The mouth of the peacock acts as a spigot pouring water; the figure emerged from a small door and offers soap to the hand washer.
This leaf from a 1315 Syrian copy of Ibn al-Razzāz al-Jazarī’s The Book of Knowledge of Ingenious Mechanical Devices, written in 1206, depicts a peacock basin automaton for ritual hand washing. There are 15 surviving manuscript copies of al-Jazarī’s work, ranging from the early 13th to the late 19th century. An engineer from upper Mesopotamia, al-Jazarī was in the service of King Nasrī al-Dīn when he completed his masterwork, an anthology of automated devices including clocks, trick vessels for drinking sessions, devices for washing, fountains, water-raising machines, and measuring instruments. His designs clearly illustrate that automata were not innovations from Western Europe, but they stemmed from a tradition known in the ancient, Islamic, and Byzantine worlds. We do not know with certainty that al-Jazarī’s device was ever actually constructed.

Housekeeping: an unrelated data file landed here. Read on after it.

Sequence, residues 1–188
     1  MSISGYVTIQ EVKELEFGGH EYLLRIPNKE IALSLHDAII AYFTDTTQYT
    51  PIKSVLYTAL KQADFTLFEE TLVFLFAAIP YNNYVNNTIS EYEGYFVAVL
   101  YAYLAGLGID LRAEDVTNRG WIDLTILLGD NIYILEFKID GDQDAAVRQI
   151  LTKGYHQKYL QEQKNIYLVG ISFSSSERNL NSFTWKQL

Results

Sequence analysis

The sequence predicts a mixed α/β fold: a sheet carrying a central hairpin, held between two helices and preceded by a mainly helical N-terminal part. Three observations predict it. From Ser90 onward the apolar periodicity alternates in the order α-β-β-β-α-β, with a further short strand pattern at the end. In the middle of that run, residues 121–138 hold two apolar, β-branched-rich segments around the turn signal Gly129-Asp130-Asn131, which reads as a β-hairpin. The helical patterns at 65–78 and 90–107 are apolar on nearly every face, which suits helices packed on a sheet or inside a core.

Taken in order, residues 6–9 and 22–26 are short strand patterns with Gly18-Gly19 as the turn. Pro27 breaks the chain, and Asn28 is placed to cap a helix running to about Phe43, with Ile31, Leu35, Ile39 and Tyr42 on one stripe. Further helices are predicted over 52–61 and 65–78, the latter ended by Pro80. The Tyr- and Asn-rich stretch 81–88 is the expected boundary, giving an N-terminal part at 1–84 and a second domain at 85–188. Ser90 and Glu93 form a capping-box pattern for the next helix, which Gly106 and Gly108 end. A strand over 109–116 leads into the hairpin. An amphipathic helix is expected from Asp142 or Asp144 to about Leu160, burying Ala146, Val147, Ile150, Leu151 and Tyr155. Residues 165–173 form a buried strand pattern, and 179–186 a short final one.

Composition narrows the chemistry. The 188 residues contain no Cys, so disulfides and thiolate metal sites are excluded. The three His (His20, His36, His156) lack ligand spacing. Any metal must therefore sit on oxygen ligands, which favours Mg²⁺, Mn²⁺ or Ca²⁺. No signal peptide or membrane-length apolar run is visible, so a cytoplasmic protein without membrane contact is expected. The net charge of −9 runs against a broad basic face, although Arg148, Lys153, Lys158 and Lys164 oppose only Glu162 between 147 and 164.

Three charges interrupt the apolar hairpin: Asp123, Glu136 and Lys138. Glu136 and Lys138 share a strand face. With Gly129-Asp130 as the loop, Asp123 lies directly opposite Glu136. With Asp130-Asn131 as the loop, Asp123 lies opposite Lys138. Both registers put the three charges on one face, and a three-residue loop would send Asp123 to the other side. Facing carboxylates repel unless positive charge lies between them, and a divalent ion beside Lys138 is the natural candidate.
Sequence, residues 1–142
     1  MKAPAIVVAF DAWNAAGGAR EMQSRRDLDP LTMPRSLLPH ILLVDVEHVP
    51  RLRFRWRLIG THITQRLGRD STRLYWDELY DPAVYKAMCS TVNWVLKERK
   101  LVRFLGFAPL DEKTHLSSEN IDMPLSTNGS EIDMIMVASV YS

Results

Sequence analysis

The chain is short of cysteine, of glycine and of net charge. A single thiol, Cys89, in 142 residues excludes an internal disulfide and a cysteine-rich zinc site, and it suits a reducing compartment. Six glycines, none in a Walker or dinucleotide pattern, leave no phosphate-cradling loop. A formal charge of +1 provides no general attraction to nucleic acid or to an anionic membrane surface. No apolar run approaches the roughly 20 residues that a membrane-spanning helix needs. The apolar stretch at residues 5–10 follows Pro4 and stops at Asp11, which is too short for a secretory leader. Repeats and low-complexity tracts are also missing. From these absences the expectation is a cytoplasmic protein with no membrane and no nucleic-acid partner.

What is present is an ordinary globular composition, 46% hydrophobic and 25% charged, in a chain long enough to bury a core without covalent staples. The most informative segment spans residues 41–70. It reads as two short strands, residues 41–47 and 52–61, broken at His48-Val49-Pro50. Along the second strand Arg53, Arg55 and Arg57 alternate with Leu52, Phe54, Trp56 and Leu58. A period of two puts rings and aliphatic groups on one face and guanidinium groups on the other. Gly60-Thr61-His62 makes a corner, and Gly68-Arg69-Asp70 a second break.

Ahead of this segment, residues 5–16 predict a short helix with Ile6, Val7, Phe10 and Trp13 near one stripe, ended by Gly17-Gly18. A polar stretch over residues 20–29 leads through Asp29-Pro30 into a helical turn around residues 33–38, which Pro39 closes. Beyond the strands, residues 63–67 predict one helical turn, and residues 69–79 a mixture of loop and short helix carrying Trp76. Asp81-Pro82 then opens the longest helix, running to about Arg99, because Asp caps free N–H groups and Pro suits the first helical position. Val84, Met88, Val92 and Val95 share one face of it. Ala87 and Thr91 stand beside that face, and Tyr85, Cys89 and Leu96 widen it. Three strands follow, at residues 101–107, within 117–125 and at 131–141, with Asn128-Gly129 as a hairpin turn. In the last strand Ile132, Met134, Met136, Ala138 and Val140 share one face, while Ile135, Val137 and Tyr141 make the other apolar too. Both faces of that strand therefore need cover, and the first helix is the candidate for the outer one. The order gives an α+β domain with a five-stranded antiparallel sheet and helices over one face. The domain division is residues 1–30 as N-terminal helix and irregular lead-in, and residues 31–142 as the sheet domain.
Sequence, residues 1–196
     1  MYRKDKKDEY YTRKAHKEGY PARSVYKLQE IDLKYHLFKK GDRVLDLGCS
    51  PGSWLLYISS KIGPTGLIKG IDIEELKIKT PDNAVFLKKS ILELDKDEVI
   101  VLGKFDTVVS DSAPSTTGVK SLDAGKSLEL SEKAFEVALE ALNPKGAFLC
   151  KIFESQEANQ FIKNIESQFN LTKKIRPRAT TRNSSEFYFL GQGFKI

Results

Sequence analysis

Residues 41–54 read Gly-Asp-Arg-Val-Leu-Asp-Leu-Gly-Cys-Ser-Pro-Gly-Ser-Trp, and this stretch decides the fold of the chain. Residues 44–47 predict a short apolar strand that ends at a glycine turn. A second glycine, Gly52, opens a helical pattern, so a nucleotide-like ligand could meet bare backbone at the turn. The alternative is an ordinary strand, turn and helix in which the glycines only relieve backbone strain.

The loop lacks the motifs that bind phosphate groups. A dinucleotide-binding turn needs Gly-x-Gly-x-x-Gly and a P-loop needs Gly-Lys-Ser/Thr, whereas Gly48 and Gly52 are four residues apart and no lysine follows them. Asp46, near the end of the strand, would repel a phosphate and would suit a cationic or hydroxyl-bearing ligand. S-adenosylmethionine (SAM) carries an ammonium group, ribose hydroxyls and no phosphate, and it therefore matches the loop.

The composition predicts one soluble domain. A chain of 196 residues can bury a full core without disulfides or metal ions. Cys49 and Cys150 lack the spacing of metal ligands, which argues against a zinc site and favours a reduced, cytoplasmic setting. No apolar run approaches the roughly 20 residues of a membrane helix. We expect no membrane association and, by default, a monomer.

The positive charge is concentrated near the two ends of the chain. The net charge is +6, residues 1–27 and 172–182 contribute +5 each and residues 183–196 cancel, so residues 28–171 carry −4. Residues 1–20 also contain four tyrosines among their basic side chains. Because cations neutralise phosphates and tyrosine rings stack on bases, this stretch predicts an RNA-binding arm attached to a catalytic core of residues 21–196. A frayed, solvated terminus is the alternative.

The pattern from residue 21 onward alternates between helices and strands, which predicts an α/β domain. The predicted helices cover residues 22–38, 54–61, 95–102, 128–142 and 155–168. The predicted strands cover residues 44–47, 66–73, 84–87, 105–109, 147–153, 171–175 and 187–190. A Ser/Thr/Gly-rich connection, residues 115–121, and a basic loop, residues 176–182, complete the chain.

Peacock-shaped Hand Washing Device (recto); Text Page, Arabic Prose (verso)
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